Many China bears, including closely watched short-seller Jim Chanos, have warned that economic numbers from the Chinese government dramatically overestimate growth.
But Robert Barbera, co-director of Johns Hopkins Center for Financial Economics, argued on CNBC on Monday that China's economy is actually contracting.
(Read more: China's 260 million new spenders may save economy)
"If you take the top 10 trading partners with China and you add up their exports to China, you've got data that the Chinese government doesn't get to put their hands on," he said. "If you look at that data, what you've actually got is about minus 4 percent year-over-year."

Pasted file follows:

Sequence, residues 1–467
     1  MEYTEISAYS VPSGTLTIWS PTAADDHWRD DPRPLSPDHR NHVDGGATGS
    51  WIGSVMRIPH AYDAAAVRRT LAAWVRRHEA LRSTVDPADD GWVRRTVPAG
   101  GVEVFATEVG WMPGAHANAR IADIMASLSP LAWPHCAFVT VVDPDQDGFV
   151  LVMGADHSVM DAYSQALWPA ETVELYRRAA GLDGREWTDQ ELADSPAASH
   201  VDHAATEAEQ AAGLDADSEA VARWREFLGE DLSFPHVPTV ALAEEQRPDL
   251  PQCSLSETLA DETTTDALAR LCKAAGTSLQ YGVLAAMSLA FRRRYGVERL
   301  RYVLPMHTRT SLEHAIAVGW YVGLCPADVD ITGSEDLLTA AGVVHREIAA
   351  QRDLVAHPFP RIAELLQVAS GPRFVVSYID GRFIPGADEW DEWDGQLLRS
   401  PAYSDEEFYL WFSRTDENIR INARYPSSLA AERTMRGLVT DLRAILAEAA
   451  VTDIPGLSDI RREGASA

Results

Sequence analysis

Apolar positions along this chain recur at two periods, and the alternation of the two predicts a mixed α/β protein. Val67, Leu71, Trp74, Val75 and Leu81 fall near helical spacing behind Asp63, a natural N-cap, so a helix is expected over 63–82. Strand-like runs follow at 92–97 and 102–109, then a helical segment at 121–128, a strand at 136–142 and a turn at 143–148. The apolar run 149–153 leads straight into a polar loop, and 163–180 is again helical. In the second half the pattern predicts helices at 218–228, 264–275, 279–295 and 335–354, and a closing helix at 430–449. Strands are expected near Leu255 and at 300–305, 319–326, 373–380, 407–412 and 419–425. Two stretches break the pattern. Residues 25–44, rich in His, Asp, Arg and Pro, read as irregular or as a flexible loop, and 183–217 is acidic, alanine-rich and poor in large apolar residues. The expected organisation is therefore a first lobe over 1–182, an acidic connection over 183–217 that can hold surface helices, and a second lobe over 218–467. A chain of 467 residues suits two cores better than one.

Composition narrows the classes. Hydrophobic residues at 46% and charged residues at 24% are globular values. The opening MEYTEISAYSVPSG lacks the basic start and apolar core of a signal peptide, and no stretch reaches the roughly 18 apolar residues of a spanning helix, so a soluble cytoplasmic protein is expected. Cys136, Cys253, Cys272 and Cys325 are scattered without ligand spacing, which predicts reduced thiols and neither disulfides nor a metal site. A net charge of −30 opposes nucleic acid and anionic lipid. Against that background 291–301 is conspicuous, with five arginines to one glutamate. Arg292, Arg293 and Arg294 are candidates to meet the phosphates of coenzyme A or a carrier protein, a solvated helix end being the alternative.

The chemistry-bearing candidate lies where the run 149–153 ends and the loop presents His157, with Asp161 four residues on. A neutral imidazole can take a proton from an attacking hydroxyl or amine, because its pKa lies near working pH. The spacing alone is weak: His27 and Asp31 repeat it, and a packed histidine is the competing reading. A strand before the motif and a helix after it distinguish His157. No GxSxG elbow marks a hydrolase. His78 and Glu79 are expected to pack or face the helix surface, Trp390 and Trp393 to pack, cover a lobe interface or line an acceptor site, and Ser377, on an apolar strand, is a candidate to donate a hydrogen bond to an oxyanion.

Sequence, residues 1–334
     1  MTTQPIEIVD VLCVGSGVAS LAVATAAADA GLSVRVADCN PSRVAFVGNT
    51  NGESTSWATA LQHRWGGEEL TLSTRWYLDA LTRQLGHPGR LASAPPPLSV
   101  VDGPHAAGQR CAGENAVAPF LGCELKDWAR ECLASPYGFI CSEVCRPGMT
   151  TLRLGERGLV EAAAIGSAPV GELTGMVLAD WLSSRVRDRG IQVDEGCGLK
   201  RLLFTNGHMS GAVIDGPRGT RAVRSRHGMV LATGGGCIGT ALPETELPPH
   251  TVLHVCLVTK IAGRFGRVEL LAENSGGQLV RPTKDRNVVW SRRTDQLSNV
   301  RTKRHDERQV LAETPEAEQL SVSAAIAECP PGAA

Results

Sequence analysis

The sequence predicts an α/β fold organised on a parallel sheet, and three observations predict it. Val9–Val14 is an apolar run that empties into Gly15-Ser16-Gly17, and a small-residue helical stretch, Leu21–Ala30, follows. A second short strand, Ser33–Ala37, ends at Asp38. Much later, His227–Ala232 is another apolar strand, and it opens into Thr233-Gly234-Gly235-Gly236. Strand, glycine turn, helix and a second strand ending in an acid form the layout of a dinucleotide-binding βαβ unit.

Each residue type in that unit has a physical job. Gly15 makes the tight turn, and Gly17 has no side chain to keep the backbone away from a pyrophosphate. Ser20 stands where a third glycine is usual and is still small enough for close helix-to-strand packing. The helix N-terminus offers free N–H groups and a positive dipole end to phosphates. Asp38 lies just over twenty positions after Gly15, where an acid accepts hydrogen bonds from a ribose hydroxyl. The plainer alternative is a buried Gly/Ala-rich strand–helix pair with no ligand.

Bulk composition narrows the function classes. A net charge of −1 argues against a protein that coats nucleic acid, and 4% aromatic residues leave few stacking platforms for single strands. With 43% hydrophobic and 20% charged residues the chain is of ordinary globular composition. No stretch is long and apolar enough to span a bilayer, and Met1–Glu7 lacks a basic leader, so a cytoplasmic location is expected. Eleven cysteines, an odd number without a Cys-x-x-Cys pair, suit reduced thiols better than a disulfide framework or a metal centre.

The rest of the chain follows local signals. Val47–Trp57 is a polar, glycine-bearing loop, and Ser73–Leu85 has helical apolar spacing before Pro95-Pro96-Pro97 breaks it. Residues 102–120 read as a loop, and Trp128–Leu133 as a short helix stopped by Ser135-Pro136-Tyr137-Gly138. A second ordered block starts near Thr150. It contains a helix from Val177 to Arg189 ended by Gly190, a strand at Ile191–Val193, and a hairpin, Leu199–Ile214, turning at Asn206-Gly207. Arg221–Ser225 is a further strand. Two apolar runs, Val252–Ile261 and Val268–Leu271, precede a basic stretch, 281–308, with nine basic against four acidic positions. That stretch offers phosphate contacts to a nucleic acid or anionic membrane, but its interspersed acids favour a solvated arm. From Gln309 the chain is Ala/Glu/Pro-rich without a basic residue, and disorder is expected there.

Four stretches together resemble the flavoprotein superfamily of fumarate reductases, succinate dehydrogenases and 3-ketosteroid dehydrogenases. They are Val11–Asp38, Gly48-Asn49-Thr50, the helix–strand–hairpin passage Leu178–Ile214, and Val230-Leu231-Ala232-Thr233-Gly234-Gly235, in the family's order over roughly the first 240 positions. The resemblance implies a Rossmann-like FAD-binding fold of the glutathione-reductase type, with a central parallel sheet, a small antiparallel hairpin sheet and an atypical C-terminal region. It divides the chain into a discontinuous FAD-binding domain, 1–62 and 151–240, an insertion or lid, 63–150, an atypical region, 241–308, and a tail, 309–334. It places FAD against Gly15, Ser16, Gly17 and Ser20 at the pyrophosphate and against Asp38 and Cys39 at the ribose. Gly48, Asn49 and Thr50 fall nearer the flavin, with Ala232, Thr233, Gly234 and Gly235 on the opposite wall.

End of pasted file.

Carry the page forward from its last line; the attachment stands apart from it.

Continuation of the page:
"China may not even be growing at this point," said Patrick Wolff, founder and managing partner of Grandmaster Capital, a hedge fund launched in 2011 with seed money from billionaire investor Peter Thiel.
The statements are in sharp contrast to China's official assessment of an annual growth rate of 7.5 percent in the second quarter, which marked the ninth slowdown in the past 10 quarters and a dip to the low end of the Chinese government's economic growth target for 2013.
"The current Chinese premier has been quoted in WikiLeaks as saying he doesn't believe the GDP numbers [there]," Wolff said. "People should forget the [Chinese] GDP numbers entirely. They're nonsense."